Though some writers set their stories in real locations, a lot of us create our own settings. That has been the case for my books, and yet every new locale I create is inspired by places I’ve been. For the past seven years, I’ve been writing in mainly one location — Blue Falls, Texas. Blue Falls was inspired by several real towns throughout the Texas Hill Country. The downtown shopping district was modeled after Fredericksburg; the lake was based on Lake Marble Falls; and the Blue Falls Music Hall was based on the the oldest dance hall in Texas in Gruene.
Though I still have one Blue Falls book still set to release next January, I’m fully immersed in creating a new setting for a new series for a new publisher. In my Once Upon a Western series for Tule Publishing, I’ve created the small tourist town of Logan Springs, Montana (I evidently like towns based on bodies of water). It’s set in the real Paradise Valley north of Yellowstone National Park, a simply stunning valley that stretches out between the Absaroka and Gallatin mountain ranges. And once again, I’ve used bits and pieces of real-life inspiration to create Logan Springs. It’s one part Gardiner, Montana, the northern gateway community to Yellowstone National Park; one part West Yellowstone, which as its name suggests is the western gateway to the park; and one part Chico Hot Springs, which is in the Paradise Valley and home to a hot springs resort that gave me the idea to have the main family in my series, the McQueens, own a hot springs resort as well as an expansive ranching operation. As with these real world locales, the Yellowstone River runs through my fictional one.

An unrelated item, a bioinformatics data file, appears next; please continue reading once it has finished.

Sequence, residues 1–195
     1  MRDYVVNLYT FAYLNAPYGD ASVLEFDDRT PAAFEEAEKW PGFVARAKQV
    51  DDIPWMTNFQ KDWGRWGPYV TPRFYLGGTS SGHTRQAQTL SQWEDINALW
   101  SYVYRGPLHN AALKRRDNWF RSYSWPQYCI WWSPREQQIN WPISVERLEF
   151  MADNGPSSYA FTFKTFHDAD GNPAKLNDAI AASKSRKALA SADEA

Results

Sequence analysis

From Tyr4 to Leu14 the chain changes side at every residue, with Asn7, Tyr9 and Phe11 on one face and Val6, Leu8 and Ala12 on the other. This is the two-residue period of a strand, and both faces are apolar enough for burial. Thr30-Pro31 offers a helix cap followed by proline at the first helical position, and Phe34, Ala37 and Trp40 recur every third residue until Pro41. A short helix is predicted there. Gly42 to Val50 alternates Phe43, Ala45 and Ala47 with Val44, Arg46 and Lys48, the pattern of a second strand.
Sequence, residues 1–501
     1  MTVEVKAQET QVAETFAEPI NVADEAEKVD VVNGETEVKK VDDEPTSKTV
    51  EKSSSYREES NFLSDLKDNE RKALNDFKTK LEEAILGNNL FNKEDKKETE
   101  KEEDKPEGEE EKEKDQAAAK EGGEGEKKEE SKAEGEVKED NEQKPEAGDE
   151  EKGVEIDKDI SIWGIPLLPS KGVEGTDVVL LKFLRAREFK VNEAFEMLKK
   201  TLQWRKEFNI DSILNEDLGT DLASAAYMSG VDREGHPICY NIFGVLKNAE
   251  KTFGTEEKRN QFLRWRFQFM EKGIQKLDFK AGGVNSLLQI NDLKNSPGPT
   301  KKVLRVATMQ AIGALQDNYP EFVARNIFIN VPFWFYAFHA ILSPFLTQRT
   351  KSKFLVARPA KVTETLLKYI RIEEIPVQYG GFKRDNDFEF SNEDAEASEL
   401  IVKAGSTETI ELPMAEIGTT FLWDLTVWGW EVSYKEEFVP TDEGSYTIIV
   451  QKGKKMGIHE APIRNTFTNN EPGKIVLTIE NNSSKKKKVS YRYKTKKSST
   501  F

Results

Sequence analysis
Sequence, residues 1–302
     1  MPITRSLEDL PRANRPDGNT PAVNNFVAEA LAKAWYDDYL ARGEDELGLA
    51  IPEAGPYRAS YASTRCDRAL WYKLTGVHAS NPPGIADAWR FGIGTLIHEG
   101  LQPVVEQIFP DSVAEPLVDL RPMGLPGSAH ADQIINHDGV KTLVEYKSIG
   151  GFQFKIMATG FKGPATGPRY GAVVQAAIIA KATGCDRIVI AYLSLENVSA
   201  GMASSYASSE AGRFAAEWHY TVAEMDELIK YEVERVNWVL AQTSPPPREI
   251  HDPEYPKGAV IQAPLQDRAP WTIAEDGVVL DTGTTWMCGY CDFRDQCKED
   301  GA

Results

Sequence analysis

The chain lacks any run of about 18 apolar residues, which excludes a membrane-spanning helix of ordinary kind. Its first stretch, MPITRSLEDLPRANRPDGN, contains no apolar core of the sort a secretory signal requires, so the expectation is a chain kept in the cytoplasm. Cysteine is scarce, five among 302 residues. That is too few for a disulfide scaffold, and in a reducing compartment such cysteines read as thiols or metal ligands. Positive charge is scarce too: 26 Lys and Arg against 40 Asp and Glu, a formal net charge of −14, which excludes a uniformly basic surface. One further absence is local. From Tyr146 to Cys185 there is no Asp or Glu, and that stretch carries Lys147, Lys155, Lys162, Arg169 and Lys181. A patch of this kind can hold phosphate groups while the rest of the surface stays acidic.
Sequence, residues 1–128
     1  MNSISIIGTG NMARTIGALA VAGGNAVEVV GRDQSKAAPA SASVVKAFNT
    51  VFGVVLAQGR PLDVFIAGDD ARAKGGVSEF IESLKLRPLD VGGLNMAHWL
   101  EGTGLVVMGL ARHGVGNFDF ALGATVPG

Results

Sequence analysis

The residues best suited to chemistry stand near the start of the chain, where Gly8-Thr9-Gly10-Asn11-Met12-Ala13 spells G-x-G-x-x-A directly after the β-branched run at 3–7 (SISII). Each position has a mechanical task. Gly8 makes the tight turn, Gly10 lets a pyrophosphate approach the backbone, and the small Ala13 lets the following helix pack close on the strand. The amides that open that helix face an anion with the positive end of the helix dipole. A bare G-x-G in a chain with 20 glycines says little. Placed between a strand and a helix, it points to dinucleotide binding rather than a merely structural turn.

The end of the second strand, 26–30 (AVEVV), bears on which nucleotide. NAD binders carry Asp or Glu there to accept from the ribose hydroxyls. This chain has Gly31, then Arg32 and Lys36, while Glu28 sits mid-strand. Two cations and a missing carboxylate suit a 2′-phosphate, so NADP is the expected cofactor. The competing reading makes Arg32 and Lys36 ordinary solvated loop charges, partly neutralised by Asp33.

Even though my main setting is fictional, I do have my characters visit real towns. For instance, my Blue Falls characters would make trips to cities such as San Antonio and Austin. In the Once Upon a Western series, the characters go to Livingston, which is the town where travelers exit I-90 to head south to Yellowstone. It’s also the nearest place for such things as a hospital, which is where the hero of my second story in this series is a doctor. Livingston is a charming little town with some neat western history. In the first book in this series, Her Cowboy Prince which comes out in June of this year, I have a scene where the hero and heroine have dinner in Livingston and he tells her some of the history of the building where the restaurant is located. Though their dining location is fictional, I borrowed some real history from the real Murray Hotel, which saw the likes of Buffalo Bill Cody and Calamity Jane as guests.
I like the freedom of creating my own town but being able to pepper it with real-life details. As a reader, do you like fictional or real locales?
Thank you to Petticoats and Pistols for inviting me for a visit. Today I want to share a memory with you.
When I was a child, my father took us to what is now known as Dinosaur Provincial Park which consists of badlands along the Red Deer River south of our home. There he showed us a rough log cabin and said it had been the home of John Ware—a famous Black cowboy. He told us about the cowboy and it sounded so brave and wonderful. Since that day, I have had an interest in this unusual man.